FMS: Australia Could Acquire C-17 Aircraft


Released on Monday, April 3, 2006
Australia
United States of America
AAQ-24(V) LAIRCM
C-17A Globemaster III
F117-PW-100
DSCA - Defense Security Cooperation Agency
FMS - Foreign Military Sale
LAIRCM - Large Aircraft Infrared Countermeasures
RAAF - Royal Australian Air Force
The Defense Security Cooperation Agency (DSCA) notified Congress of a possible Foreign Military Sale to Australia of up to four C-17 GLOBEMASTER III aircraft, as well as associated equipment and services. The total value, if all options are exercised, could be as high as $2 billion.

The Government of Australia requested a possible sale of up to four C-17 GLOBEMASTER III aircraft, up to 18 Pratt & Whitney F117-PW-100 engines, up to four AN/AAQ-24V(13) Large Aircraft Infrared Countermeasures (LAIRCM) Systems, up to 15 AN/AVS-9 Night Vision Goggles; Personnel Life Support equipment, spare and repair parts, supply support, training equipment and support, publications and technical data, U.S. Government and contractor technical assistance and other related elements of logistics support. The estimated cost is $2 billion.

Australia is one of our most important allies in the Western Pacific. The strategic location of this political and economic power contributes significantly to ensuring peace and economic stability in the region. Australia's efforts in Operations Iraqi and Enduring Freedom, peacekeeping, and humanitarian operations have made a significant impact to regional, political, and economic stability and have served U.S. national security interests. This proposed sale is consistent with those objectives and facilitates burden sharing with our allies.

Australia does not currently have a heavy airlift capability and must rely on outside sources for these services. This assistance normally takes the form of either U.S. Air Force airlift or contract carriers that use Russian heavy airlift aircraft. The C-17 will greatly improve Australia's capability to rapidly deploy in support of global coalition operations and will also greatly enhance its ability to lead regional humanitarian/peacekeeping operations.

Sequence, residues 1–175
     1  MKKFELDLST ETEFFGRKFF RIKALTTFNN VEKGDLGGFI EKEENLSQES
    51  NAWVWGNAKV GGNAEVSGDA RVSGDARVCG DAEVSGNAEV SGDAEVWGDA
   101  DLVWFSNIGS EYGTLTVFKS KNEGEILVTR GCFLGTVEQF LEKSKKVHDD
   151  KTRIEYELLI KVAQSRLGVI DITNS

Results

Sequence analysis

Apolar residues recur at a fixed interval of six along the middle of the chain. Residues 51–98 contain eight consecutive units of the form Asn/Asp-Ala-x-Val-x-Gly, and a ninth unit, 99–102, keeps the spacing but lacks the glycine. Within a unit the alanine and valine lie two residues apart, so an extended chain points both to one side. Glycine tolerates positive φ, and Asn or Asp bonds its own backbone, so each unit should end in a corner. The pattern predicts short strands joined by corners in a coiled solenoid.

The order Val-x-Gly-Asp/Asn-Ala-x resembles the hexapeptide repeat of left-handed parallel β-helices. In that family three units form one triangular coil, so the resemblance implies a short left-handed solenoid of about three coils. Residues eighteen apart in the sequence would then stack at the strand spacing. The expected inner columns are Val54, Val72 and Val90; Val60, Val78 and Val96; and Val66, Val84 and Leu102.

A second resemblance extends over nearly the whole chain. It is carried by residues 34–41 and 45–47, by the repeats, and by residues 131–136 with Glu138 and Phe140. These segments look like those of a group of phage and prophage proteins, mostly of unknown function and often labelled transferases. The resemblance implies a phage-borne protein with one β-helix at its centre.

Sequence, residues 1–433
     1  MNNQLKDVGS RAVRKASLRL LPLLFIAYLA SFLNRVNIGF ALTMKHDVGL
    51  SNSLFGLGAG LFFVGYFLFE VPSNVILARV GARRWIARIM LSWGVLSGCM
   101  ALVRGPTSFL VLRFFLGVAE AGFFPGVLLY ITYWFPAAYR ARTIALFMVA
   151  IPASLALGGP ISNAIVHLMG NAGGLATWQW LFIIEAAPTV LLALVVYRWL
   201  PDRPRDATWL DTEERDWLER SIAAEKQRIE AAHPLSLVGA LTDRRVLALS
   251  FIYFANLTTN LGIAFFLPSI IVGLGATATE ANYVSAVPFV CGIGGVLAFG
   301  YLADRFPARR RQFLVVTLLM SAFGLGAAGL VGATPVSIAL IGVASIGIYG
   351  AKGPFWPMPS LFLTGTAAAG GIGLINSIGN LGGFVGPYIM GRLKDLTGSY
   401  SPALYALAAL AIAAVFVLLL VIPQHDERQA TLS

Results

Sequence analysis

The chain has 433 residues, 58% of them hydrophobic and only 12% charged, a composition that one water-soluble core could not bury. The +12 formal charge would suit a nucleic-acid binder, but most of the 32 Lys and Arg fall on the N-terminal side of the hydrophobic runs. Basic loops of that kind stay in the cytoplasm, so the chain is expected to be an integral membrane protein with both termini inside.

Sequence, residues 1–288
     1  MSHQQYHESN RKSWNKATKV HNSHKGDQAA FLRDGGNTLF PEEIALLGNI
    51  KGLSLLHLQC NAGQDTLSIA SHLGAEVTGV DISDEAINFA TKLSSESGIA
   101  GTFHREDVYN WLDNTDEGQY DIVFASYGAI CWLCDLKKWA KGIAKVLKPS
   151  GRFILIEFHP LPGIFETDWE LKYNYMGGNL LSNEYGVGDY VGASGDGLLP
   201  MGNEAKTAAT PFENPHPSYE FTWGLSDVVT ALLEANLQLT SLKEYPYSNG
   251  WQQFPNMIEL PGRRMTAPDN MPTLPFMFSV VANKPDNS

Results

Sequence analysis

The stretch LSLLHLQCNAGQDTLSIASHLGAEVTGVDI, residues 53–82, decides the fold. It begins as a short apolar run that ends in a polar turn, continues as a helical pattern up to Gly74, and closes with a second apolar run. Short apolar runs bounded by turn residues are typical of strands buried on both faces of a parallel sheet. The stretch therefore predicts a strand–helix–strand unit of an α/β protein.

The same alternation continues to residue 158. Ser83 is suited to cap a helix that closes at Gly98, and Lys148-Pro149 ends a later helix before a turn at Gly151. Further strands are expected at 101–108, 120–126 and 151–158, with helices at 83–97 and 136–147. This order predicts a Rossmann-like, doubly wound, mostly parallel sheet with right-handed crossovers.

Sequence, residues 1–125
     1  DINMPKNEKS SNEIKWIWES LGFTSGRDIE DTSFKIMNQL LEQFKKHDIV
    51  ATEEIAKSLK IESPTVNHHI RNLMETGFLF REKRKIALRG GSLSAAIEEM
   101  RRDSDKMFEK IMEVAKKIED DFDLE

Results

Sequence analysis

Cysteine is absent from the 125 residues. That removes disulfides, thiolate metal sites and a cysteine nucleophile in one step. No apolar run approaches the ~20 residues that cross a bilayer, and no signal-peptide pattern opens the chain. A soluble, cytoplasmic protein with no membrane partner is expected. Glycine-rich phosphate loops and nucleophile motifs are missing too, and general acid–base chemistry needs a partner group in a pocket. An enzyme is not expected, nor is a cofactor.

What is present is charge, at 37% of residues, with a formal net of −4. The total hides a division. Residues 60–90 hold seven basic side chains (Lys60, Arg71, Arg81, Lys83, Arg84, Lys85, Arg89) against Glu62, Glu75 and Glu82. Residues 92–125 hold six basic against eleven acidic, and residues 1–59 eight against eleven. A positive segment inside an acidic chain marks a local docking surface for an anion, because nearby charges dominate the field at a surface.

Australia has the ability to absorb and employ the C-17. It plans on basing the C-17s at Royal Australian Air Force (RAAF) Base Amberly. RAAF Base Amberly will become the primary base for airlift and tanker aircraft and is currently undergoing the infrastructure upgrades required to support the C-17 and other large aircraft Australia has currently contracted to purchase.

The proposed sale of this equipment and support will not affect the basic military balance in the region. This proposed sale will involve the following contractors: Boeing Company Long Beach, California; Boeing Company Training Systems St. Louis, Missouri AAI Services Corporation Goose Creek, South Carolina; United Technologies Corporation East Hartford, Connecticut Northrop Grumman Systems Corporation Rolling Meadows, Illinois.

Additional subcontractors may be needed depending on the exact nature of the contracting arrangements established. Offset agreements associated with this proposed sale are expected, but at this time the specific offset agreements are undetermined and will be defined in negotiations between the purchaser and contractors.

This proposed sale will result in Boeing establishing a facility at RAAF Base Amberly that will provide logistics support for the C-17 under the current GLOBEMASTER Support Partnership. The proposed plan will require seven each U.S. Government and Australian representatives at the facility. Implementation of this proposed sale will require the assignment of up to ten each U.S. Government and contractor representatives to travel to Australia for annual participation in training, program management, and technical review.

There will be no adverse impact on U.S. defense readiness as a result of this proposed sale. This notice of a potential sale is required by law; it does not mean that the sale has been concluded.

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